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Last updated on April 24, 2014 at 16:36 EDT

Comet ISON Shows Signs Of Life After Close Encounter With Sun

November 29, 2013
Image Credit: ISON appears as a white smear heading up and away from the sun. ISON was not visible during its closest approach to the sun, so many scientists thought it had disintegrated, but images like this one from the ESA/NASA Solar and Heliospheric Observatory suggest that a small nucleus may be intact. Credit: ESA/NASA/SOHO/GSFC

Lawrence LeBlond for redOrbit.com – Your Universe Online

Last night astronomers were putting the final nail in the coffin for Comet ISON, which had been streaking toward its close encounter with the sun for months, culminating with a perihelion (closest approach of the sun) on Thanksgiving Day.

Described as the “comet of the century” by some and predicted to just “fizzle out” by others, ISON has been a hot topic since it was first discovered by Russian astronomers on September 21, 2012.

While many were gearing up for what could be a spectacular show as the frozen chunk of gas made its way past the sun yesterday afternoon, it later became evident that the comet was on a one-way trip toward obliteration.

Or was it?

As the comet sailed past our solar neighbor late yesterday, astronomers monitoring the comet’s progress declared that it was unlikely that the cosmic visitor survived its encounter with the sun.

“At this point, I do suspect that the comet has broken up and died,” Karl Battams, a comet scientist with the Naval Research Laboratory, said last night during a NASA and Google+ chat from Arizona’s Kitt Peak Observatory, according to a USA Today report yesterday. “Let’s at least give it a couple of more hours before we start writing the obituary.”

However, Battams now believes that some parts of ISON’s nucleus survived perihelion.

“It now looks like some chunk of ISON’s nucleus has indeed made it through the solar corona, and re-emerged,” he said in an interview with CNN’s Amanda Barnett. “It’s throwing off dust and (probably) gas, but we don’t know how long it can sustain that.”

[ Watch the Video: ISON Survives ]

While this is definitely good news for astronomers, it’s far from great news for the comet.

“Now it has emerged and started to brighten, we need to observe it for a few days to get a feel for its behavior,” Battams noted.

It is possible that it still may not survive its harrowing ordeal.

A trove of spacecraft eyed ISON as it made its way toward the sun. These include NASA’s STEREO satellite, the ESA/NASA SOHO spacecraft and the Solar Dynamics Observatory (SDO).

As ISON appeared to fizzle on its solar approach, coming as close as 730,000 miles from the fiery behemoth, NASA’s SDO and ground-based observatories lost sight of it completely and many experts believed that the comet had disintegrated entirely on its approach.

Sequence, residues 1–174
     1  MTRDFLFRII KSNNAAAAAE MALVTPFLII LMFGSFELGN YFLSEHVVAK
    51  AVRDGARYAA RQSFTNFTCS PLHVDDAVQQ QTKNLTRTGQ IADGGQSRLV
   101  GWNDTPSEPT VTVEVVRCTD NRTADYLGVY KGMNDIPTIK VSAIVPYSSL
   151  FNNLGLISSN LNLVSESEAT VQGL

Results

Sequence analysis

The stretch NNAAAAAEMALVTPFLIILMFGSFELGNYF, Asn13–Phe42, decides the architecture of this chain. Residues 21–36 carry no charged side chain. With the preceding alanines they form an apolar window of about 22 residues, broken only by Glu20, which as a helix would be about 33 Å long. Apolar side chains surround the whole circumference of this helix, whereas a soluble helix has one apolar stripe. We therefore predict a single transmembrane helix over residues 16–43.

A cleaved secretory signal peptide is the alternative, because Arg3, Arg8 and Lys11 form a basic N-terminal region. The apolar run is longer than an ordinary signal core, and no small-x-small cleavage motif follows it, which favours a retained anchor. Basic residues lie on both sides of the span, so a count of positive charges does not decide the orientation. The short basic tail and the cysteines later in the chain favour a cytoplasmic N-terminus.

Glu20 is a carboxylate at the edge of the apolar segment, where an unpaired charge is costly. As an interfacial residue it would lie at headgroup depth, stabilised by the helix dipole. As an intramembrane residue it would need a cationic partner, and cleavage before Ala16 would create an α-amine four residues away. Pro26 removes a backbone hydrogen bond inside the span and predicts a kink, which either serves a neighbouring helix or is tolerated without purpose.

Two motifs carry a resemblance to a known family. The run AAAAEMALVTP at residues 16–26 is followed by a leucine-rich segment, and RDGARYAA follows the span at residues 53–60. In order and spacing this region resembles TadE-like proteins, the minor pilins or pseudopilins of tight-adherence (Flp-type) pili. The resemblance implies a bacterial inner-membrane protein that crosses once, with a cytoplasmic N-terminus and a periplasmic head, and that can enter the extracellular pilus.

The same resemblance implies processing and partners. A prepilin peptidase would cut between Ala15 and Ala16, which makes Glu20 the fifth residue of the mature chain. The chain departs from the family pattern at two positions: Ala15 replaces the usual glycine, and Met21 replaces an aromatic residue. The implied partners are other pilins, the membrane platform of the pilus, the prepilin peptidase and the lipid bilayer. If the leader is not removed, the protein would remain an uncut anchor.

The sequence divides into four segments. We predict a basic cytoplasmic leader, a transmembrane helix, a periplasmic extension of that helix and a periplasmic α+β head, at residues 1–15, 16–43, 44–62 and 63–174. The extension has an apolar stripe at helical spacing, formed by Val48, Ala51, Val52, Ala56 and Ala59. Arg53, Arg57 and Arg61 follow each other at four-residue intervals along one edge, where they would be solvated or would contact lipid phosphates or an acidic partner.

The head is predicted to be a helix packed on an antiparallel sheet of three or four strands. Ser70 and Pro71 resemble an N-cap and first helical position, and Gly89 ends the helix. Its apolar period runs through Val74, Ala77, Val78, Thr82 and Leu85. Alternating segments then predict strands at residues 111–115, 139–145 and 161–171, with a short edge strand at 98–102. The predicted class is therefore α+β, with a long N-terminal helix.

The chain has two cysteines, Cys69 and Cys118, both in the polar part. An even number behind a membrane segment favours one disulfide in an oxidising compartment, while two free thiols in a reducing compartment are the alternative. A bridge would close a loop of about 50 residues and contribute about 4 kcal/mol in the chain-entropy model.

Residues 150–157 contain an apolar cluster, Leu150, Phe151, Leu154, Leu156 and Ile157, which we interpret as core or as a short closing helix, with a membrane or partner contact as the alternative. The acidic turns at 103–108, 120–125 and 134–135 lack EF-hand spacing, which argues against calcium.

However, by late evening things began to brighten up a bit. Mr. Battams, writing in his blog as part of NASA’s Comet ISON Observing Campaign (CIOC), had the following to say:

“As comet ISON plunged towards to the Sun, it began to fall apart, losing not giant fragments but at least a lot of reasonably sized chunks. There’s evidence of very large dust in the form of that long thin tail we saw in the LASCO C2 images. Then, as ISON plunged through the corona, it continued to fall apart and vaporize, and lost its coma and tail completely just like Lovejoy did in 2011. (We have our theories as to why it didn’t show up in the SDO images but that’s not our story to tell – the SDO team will do that.) Then, what emerged from the Sun was a small but perhaps somewhat coherent nucleus, that has resumed emitting dust and gas for at least the time being. In essence, the tail is growing back, as Lovejoy’s did.”

He continued, “So while our theory certainly has holes, right now it does appear that a least some small fraction of ISON has remained in one piece and is actively releasing material. We have no idea how big this nucleus is, if there is indeed one. If there is a nucleus, it is still too soon to tell how long it will survive. If it does survive for more than a few days, it is too soon to tell if the comet will be visible in the night sky. If it is visible in the night sky, it is too soon to say how bright it will be…”

ISON, officially named C/2012 SI, was 585 million miles away when it was discovered by astronomers Vitali Nevski and Artyom Novichonok. The comet’s journey through the solar system has been an amazing adventure chronicled by amateur and professional astronomers for more than a year.

“From the beginning, ISON has confused, surprised and amazed us, and in hindsight its latest little escapade really should not shock us,” Battams told CNN. “Nonetheless, this has been one of the most extraordinary comets we have ever encountered, and just goes to reiterate how beautiful, dynamic and exciting our universe is.”

By the end of the NASA/Google Hangout, it was pretty much assumed that ISON was a dead stick. But astronomers on both fronts – pro and am – were undeterred and continued to monitor the heavens for any signs of ISON’s appearance from behind the sun.

Images from the NASA/ESA SOHO spacecraft clearly showed that something was emerging from behind the sun. Now that there are signs of life, it will still take some time to determine if the comet is in fact alive and well.

“We have a whole new set of unknowns, and this ridiculous, crazy, dynamic and unpredictable object continues to amaze, astound and confuse us to no end. We ask that you please be patient with us for a couple of days as we analyze the data and try to work out what is happening,” said Battams on his blog.

If anything, it looks as if there is still more to come and ISON may in fact still be ready to prove it is the “comet of the century” and hasn’t just “fizzled out.”


Source: Lawrence LeBlond for redOrbit.com - Your Universe Online